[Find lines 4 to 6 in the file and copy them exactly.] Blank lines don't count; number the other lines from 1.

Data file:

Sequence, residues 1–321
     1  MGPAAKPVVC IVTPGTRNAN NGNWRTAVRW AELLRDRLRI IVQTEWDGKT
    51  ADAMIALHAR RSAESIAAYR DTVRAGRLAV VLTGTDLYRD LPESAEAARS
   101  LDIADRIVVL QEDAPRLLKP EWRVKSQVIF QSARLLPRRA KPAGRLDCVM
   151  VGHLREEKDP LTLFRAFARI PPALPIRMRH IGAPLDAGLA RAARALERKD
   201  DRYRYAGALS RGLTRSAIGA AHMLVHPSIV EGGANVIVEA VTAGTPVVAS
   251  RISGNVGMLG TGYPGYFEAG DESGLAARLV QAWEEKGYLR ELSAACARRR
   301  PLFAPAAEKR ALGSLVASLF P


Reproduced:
   101  LDIADRIVVL QEDAPRLLKP EWRVKSQVIF QSARLLPRRA KPAGRLDCVM
   151  VGHLREEKDP LTLFRAFARI PPALPIRMRH IGAPLDAGLA RAARALERKD
   201  DRYRYAGALS RGLTRSAIGA AHMLVHPSIV EGGANVIVEA VTAGTPVVAS